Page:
Intel is dropping Pentium and Celeron brandings
Intel announced plans to change the names of some of its processor families from 2023 onward. The company will drop the Intel Pentium and Intel Celeron brandings of entry level processors to name them Intel Processor from 2023 on.
Josh Newman, Intel vice president and interim general manager of Mobile Client Platforms, states that the change will simplify Intel's offerings and make it easier for users to select the right processor from the company.
Intel launched Pentium and Celeron processors in more than 30 years ago. The first Pentium processors were released in 1993, Celeron processors followed five years later in 1998.
Pentium processors of today have little in common with the early Pentium chips. Back then, Pentium processors were flagship products.
The introduction of Intel Core in 2006 brought an end to that. Intel split Pentium into the two line-ups Pentium Silver and Pentium Gold. Pentium Silver aimed at the low-power devices market, while Pentium Gold for the entry-level desktop market.
Today, Pentium processors sit between the lower-end Atom and Celeron processor series, and the higher end Core and Xeon workstation/server processors.
Other Intel processor families retain their names. Intel mentions the Intel Core processor family specifically, which continues to be divided into Intel Core i3, i5, i7 and i9 models.
Intel is targeting the notebook product stack initially with the change. From 2023 onward, notebooks will use the Intel Processor branding and no longer the Pentium or Celeron brandings. The company plans to make the same branding changes for desktop environments as well, but has yet to announce a timeline for that.
It will take a while before all stock Intel Celeron and Intel Pentium processors are truly removed from the shelfs. Intel will use the new branding for processors from 2023 on and first devices using them should also be expected in the year.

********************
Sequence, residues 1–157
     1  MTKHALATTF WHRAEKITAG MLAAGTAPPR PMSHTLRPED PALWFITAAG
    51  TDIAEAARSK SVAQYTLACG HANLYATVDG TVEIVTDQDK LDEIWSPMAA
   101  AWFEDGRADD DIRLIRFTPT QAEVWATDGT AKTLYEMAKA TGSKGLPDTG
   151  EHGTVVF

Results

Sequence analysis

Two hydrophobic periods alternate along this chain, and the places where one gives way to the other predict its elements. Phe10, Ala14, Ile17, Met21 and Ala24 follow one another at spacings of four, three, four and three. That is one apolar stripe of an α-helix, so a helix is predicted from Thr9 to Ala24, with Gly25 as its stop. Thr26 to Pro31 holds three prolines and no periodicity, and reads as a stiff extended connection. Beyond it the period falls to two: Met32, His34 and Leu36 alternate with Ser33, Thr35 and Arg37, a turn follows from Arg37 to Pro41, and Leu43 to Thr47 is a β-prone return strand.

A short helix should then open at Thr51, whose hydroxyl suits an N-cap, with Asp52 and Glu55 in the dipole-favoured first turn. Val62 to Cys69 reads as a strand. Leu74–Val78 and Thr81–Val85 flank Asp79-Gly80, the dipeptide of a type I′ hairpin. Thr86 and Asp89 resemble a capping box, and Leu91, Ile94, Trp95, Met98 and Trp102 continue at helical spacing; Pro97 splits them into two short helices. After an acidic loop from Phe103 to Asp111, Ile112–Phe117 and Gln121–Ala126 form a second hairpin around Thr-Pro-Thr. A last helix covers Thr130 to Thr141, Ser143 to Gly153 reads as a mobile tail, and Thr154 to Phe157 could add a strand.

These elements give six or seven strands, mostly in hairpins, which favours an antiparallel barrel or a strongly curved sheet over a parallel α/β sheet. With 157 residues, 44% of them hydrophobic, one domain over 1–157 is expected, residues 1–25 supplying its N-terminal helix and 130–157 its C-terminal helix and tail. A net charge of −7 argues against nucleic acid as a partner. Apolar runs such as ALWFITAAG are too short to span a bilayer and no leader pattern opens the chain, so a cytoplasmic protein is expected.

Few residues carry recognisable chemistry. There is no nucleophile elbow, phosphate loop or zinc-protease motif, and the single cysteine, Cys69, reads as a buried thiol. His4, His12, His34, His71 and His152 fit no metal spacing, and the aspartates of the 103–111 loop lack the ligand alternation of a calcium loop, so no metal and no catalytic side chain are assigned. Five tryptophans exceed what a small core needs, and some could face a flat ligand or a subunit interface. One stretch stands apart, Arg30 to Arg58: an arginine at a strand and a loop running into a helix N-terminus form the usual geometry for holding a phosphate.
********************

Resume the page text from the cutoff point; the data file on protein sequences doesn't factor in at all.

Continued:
Now You: do you have devices with Intel Pentium or Intel Celeron processors?
yes. Pentium SIlver J5005 as part of Intel NUC and using W10. I use the NUC as all round mediaplayer, directly connected to my TV set. I am very satisfied with it. Playing 4k videos does not give any problem.
Intel Celeron J4025 with AES-NI for a NAS. It’s very fast and satisfying. Pentium and Celeron only get a bad rep from normies stuck in the past, unaware they are continuously refreshed. I do not like the rebranding.
So instead of an Intel Pentium processor or an Intel Celeron processor, we’ll now have an Intel Processor processor.
Yep, that won’t cause any confusion
Yes, let’s not give the customers any easy clues on what computers to stay away from.
Over the years two things have been mostly consistent from the various specs about intel processors: you almost never need the very high end (right now the late gen i7 and the i9) and you pay a high premium for them.
Meanwhile, the price-to-performance of the celeron vs the i3 and i5 series never seemed worth it. Early celeron always seemed inadequate when a new windows version came out.
Basically it means a lot of extra research to find that quality in the middle every time I pick up a new machine. It’s fine for me but confusing for most. Seems like a bad move.
Both CPU are nearly useless today.
Latest Intel HD graphics drivers for celeron baytrail support was in 2020. News unecesary
Martin, you fail to mention the reason that Intel created the ‘Pentium’ name in the first place.
The new series would have been the 586 chip family, but they had found that they could not copyright/trademark “586”. Thus competing chip manufacturers could also call their chips 586’s, 586+, etc. (This had already been happening with 486’s.) So as an anti-consumer move, Intel made up the word Pentium, which they could control.
We should remember when things are done for evil motives.
Haha Tim wanting to Copyright a name for a technology you invented is sooooo evil and controlling, did they make you buy them??? haha